The effectiveness of a log export ban policy in achieving the twin goals of conservation and economic development has been vigorously debated by many researchers and policymakers for the last two decades or so. Despite the abundance of work focusing on this issue that demonstrates the perversity of such policies, many countries around the world still implement them. This paper will first review the economic and political arguments in regard to the pros and cons of this policy. Second, it will review the Indonesian experience in implementing a log export ban policy in the 1980s and 2000s. Third, using a computable general equilibrium model, this paper will predict the anticipated impact of implementing a log export ban policy on the national economy and on household incomes for various socioeconomic groups.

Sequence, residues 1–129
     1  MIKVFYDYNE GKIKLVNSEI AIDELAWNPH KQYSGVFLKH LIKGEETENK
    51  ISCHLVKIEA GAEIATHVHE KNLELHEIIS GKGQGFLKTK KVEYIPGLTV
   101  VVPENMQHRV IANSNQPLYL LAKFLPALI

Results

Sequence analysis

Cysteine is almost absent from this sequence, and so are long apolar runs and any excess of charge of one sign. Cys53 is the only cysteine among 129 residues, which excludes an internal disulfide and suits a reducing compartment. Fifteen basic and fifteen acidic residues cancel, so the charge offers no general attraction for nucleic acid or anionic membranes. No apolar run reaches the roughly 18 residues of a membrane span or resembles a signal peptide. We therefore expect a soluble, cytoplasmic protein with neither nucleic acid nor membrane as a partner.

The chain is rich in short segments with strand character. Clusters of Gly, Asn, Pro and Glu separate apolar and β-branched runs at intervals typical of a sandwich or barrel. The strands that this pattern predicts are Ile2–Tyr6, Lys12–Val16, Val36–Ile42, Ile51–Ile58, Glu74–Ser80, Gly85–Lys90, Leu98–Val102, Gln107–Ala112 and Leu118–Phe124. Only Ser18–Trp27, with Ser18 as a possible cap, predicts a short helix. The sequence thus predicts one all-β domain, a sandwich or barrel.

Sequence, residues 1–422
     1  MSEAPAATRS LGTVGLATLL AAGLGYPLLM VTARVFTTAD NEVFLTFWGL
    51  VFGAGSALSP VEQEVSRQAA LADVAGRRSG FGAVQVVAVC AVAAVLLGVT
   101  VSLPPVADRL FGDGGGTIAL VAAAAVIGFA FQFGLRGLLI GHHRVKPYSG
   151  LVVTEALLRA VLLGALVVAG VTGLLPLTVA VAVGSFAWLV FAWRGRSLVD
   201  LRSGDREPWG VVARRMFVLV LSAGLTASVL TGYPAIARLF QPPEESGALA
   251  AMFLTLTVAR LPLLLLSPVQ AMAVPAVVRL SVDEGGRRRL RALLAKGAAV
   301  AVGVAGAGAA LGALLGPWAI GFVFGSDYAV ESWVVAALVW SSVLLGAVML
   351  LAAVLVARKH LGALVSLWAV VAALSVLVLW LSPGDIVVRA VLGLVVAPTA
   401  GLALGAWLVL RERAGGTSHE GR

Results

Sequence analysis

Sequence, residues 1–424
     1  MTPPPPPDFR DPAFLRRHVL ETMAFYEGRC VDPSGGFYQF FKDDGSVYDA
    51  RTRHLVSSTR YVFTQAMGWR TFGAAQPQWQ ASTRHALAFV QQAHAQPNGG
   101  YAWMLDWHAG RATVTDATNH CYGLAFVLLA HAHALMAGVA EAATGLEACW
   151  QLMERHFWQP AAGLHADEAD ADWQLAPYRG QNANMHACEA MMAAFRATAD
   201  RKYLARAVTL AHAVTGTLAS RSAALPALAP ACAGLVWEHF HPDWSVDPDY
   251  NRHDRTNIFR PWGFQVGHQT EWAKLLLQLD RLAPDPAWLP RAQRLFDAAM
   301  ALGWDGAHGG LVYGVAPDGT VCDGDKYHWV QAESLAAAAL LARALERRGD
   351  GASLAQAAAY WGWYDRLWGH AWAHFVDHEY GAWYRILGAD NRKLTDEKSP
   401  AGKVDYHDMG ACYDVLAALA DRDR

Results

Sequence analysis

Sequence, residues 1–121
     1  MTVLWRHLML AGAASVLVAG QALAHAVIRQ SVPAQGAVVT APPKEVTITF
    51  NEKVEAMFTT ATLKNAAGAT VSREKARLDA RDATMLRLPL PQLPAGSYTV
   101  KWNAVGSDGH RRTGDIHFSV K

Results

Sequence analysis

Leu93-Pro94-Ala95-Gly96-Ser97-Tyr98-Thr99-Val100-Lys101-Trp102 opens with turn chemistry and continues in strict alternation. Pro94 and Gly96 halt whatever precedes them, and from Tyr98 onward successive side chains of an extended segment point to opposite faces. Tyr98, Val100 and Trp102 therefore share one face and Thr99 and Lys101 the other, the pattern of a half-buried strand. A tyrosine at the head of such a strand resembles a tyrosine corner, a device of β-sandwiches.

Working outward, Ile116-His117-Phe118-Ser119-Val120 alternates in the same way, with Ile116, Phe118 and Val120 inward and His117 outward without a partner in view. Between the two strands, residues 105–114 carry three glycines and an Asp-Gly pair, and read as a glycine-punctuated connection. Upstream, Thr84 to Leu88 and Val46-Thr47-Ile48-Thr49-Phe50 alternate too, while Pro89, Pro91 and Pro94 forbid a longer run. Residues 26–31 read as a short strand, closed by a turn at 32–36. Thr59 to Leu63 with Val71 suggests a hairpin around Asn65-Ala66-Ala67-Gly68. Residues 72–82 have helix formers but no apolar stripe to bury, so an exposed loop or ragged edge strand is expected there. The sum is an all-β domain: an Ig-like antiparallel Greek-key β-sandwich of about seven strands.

The authors would like to thank Prema-chandra Athukorala of The Australian National University and participants in the Asian Economic Panel meeting in Sydney, 13–14 October 2005, for their comments and suggestions. All mistakes, however, remain the authors' responsibility.

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